Well, one thing we might do is look to see if lawyers ever enter into such arrangements in other contexts where there is no suggestion of a gift. When we do that, we see arrangements that look an awful lot like this. Lawyers in civil rights and class actions cases do it all the time. They agree to accept fees only if they win and, even then, to limit themselves to whatever fees might be awarded on application to a tribunal, usually the court that decides the case.

That is this case.

In almost a month of public discussion of this matter, I have only heard two responses to this. The first is a non sequitur. It says that those arrangements are different because they almost always involve representation of a plaintiff.

But that doesn't tell us why the client's position in the caption ought to matter. These contracts are almost always with the plaintiff because the governing law generally permits - at least in the great run of cases - only plaintiffs to recover. Not true here. The governing statute expressly permits awards to prevailing respondents (the equivalent of a defendant in an ethics case).

A better - but still insufficient argument - focuses on the likelihood of fees being awarded. Note that this argument can't rest on the fact that fees are awarded only if the client (Justice Gableman) prevails. That's true of all contingency arrangements.

Instead, one must argue that it should have been clear to Justice Gableman and Michael Best that it was improbable that the state claims board would award fees even if he won.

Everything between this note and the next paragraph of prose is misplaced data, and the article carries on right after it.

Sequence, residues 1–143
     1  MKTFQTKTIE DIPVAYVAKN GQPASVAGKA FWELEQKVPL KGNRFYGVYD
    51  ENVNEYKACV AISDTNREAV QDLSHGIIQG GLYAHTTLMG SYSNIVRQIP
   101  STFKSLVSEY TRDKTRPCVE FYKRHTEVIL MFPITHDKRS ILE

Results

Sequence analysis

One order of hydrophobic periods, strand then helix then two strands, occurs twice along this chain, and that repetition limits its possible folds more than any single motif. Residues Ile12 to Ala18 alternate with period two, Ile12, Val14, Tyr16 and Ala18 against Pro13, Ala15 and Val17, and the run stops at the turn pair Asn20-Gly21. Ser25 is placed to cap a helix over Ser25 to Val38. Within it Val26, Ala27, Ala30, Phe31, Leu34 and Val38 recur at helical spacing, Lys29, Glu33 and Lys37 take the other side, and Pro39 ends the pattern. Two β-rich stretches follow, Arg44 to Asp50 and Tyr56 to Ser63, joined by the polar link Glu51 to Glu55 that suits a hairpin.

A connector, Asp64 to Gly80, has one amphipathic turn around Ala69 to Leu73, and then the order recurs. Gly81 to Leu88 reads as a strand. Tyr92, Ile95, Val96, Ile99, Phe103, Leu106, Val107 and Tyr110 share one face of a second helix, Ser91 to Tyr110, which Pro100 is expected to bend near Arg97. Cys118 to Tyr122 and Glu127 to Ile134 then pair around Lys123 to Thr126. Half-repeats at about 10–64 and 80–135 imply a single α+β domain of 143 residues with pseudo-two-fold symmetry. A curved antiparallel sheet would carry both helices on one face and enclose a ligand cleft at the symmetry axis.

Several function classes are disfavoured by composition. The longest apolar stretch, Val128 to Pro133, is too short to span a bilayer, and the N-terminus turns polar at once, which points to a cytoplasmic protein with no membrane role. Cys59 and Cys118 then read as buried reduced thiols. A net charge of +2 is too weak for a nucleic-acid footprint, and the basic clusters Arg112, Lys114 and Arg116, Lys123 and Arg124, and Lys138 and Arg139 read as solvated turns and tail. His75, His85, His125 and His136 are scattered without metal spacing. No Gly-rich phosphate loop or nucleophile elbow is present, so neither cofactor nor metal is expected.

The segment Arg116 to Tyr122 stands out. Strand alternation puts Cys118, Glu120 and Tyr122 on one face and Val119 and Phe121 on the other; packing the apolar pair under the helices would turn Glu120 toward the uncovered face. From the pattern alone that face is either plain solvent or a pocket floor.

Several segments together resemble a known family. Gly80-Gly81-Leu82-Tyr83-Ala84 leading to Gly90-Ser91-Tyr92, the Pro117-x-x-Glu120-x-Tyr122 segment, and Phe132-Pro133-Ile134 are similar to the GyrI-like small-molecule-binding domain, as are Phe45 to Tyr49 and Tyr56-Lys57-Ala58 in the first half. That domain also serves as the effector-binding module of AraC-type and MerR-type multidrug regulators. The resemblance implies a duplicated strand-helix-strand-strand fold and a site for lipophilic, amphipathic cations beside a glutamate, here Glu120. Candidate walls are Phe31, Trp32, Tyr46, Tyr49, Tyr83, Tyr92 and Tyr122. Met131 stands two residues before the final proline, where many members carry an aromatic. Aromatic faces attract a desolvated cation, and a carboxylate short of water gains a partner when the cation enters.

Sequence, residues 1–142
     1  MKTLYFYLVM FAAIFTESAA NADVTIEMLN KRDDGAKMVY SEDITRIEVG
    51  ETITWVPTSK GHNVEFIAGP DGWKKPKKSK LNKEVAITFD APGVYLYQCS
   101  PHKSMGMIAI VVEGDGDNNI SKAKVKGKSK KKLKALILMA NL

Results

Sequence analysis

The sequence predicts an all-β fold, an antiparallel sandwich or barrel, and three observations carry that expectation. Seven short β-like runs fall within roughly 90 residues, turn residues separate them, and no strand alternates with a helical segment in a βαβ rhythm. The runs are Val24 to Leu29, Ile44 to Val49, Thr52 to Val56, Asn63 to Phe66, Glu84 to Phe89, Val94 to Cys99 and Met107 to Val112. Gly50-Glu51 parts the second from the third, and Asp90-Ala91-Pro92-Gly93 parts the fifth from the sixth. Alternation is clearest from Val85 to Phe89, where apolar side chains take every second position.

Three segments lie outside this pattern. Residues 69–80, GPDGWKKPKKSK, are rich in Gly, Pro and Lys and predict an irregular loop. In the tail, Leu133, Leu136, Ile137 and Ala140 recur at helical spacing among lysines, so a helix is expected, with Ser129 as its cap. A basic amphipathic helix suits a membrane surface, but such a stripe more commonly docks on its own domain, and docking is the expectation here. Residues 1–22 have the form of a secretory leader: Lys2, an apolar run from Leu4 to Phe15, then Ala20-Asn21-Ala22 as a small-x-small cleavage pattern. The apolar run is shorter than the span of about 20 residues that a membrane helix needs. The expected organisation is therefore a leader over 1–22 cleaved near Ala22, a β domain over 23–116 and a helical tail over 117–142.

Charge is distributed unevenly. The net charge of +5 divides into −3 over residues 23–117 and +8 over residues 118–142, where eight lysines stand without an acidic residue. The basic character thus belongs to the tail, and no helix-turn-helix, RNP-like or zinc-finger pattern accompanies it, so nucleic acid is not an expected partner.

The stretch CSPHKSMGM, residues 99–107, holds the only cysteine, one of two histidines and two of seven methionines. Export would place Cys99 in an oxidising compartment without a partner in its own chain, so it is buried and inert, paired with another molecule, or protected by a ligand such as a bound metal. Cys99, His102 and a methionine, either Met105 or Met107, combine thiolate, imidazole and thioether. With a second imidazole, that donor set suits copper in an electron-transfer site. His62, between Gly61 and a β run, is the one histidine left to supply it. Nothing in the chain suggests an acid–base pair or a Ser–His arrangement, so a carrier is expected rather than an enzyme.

But why would they have thought that? The statute is on the books and clearly permits the payment of fees. The fact that it has only been used - and could only have been used - one time reflects nothing more that ethics complaints against judges are rare, not that this type of arrangement is unusual or that fees were unlikely to be awarded. That they were not fully paid in the only case in which the statute has been - or could be - used doesn't tell us much about what would happen here.
The best thing that this argument has going for it is that it was likely that the legislature would have had to approve a fee award. That does make the recovery of fees improbable. Why would we assume that the state claims board and legislature would not honor the fee request of a sitting Supreme Court justice?